A Lifetime of Plastic

How often have you justified throwing away a single-use plastic utensil, plastic water bottle, or plastic shampoo bottle? Do you tell yourself— “just one plastic container can’t do too much harm”? Well, what if the 6 billion people living on this earth all had the same mentality? As consumers begin to demand more single-use plastic products, the production of plastic continues to rise. According to KQED Education, 300 million tons of plastic are produced annually in the United States alone. (Aust, 2017). In this article, we will explore some of the many reasons why plastic is harmful to you and future generations to come.


Plastic Lasts Forever

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Well, maybe not forever, but the plastic water bottles and plastic bags that we use today will outlive us! In fact, plastic takes 1000 years to decompose. And if that wasn’t scary enough, thicker plastics will break up into tiny particles called microplastics. I’m sure most of you are thinking, what qualifies a plastic to become a microplastic?  According to the International Institute for Sustainable Development, microplastics are defined as plastic particles that are smaller than 5mm (Rennie, 2017). Therefore, they typically remain unnoticed to the naked eye— causing them to blend in with sand and dirt.



Animals Consume Microplastics

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Animals often mistake plastic debris as food and consume it. Unfortunately, the animal’s body won’t be able to break down the debris, therefore, leaving the animal feeling full of an item that offers no nutritional value. This lack of nutrition can cause the animal to starve to death. As for the plastic products that are not consumed by animals—they will, over time, break down and become what we call microplastics. As the microplastics spread across the ground, they can contaminate the surface water that land animals drink out of.

 Did you know sea animals are affected too? Aquatic life is constantly submerged in a swirling sea of microplastics. We understand that microplastics derive from the breakdown of plastic particles into small microscopic bits, but where are they coming from?  To answer this common question— “it is estimated that up to 75% of the microplastics found in the ocean are from the breakdown of larger materials (bottles, plastic bags, fishing gear, etc.)” (Rennie, 2017).   



We Are What We Eat!

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It’s a fact, most humans consume meat. Well, what if I told you that microplastics were found in meat? For the seafood lovers out there, be aware that you may be consuming plastic in your diet. Here’s how it happens, microplastics make their way to the ocean, the sea life opens their mouth to eat or breath, and water along with undetected microplastics come rushing in. Gross, right?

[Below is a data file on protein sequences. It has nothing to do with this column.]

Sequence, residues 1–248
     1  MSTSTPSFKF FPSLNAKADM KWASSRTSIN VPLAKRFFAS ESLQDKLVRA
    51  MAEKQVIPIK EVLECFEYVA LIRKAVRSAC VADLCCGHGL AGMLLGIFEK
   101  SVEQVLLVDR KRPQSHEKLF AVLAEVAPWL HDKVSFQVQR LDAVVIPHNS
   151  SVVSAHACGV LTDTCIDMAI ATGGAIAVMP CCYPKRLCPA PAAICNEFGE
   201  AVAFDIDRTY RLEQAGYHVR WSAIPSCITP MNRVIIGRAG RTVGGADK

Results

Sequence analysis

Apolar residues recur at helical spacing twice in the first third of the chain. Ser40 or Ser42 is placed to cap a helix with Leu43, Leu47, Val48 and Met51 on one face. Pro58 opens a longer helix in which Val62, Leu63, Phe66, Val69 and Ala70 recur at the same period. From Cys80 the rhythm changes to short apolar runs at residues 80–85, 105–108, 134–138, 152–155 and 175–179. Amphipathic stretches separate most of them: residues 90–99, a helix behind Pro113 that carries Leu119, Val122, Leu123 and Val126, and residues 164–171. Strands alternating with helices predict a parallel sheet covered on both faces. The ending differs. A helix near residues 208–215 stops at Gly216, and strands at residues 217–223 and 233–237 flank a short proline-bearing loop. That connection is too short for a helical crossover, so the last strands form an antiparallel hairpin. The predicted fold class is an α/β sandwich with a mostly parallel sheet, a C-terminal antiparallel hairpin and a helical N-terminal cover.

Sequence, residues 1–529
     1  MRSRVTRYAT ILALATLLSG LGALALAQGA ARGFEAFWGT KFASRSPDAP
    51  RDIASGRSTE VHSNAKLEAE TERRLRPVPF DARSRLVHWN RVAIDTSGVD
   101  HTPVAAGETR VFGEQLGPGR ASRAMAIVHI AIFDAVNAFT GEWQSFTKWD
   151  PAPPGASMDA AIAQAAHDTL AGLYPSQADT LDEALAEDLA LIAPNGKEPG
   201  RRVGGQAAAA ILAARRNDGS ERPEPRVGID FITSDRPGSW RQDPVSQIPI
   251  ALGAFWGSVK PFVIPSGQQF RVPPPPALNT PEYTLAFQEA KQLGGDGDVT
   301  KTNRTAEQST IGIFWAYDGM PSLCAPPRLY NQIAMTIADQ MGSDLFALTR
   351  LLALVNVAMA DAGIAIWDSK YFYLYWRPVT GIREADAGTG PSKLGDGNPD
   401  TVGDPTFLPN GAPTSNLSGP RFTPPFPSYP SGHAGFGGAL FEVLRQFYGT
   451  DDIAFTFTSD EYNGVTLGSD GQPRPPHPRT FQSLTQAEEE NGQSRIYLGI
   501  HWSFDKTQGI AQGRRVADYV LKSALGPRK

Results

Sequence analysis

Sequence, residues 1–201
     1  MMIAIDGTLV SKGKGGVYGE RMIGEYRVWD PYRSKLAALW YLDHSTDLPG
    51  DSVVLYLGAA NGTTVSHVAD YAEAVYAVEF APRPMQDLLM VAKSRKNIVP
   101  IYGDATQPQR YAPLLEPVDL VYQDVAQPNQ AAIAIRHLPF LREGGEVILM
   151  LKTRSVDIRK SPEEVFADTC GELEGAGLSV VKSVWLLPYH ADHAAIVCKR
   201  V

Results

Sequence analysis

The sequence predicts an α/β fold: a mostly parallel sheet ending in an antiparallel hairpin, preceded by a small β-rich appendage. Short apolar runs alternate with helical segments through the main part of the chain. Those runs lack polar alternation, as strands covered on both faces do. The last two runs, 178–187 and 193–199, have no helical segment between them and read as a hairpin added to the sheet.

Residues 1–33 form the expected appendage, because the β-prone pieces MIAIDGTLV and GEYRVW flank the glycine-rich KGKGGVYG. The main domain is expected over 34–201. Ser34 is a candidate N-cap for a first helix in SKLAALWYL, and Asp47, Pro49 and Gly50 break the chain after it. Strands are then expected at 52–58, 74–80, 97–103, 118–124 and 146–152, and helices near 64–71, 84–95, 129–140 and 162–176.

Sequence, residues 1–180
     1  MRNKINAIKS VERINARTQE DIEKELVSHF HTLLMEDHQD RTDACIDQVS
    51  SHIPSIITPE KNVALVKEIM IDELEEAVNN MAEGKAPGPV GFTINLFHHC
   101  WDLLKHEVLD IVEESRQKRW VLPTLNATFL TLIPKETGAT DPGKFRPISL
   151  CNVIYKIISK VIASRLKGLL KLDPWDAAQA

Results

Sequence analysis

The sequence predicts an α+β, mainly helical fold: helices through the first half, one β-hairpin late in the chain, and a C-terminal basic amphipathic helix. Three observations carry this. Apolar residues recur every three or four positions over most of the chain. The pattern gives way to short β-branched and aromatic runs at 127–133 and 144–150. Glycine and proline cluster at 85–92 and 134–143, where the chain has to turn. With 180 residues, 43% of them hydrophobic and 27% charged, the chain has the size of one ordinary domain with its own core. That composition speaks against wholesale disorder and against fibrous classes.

Bottom feeders such as amphipods also consume plastic. Since amphipods are a staple food for sea life, larger sea animals and fish will consume the plastics as they consume the amphipods. The sea life that is not caught will then eventually die, which the amphipods will eat, thus continuing the viscous distribution of microplastics in our oceans. As fish are caught for our consumption, they have a belly full of microplastics… thus their body contains unknown chemicals that YOU consume.



Now It’s Time To Own Up

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Who’s really to blame?  Many may say plastic manufactures are to blame and that we need to eradicate them, however, let me explain why this thought process is incorrect. Who put the plastic there in the first place? Who used that plastic water bottle instead of investing in a reusable hydro flask? The real harm to our world is our consumption habits.



You Can Help Eliminate Plastic Waste

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The easiest way to help eliminate plastic waste is to start small and invest in a reusable mug or water bottle. Even something as simple as using a canvas tote or reusable grocery bag when you go shopping can help. Recycling plastic bottles and aluminum cans in exchange for a little extra spending money can also be effective. It may not seem like much, but remember, it took us years to create this problem, and it will take time to solve it.



Remember, The Earth Is Our Home

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The earth is our home, let’s keep it clean. If you’re a business owner or professional, you can help maintain our roads and protect the environment by participating in the Adopt A Highway® or Sponsor A Highway® Program. Our professionally trained crews will remove litter on your behalf, while your business gets all the recognition. To find out more information call (800) 200-0003 today.

 Reference

Aust, Andrea. (2017, April 14). KQED Education. How Much Plastic Do You Use in A Day? Retrieved from https://ww2.kqed.org/education/2017/04/14/how-much-plastic-do-you-use-in-a-day/

Rennie, Michael. (2017, May 10). International Institute for Sustainable Development. Microplastics: What are they and what can we do about them? Retrieved from https://www.iisd.org/blog/microplastics-what-are-they-and-what-can-we-do-about-them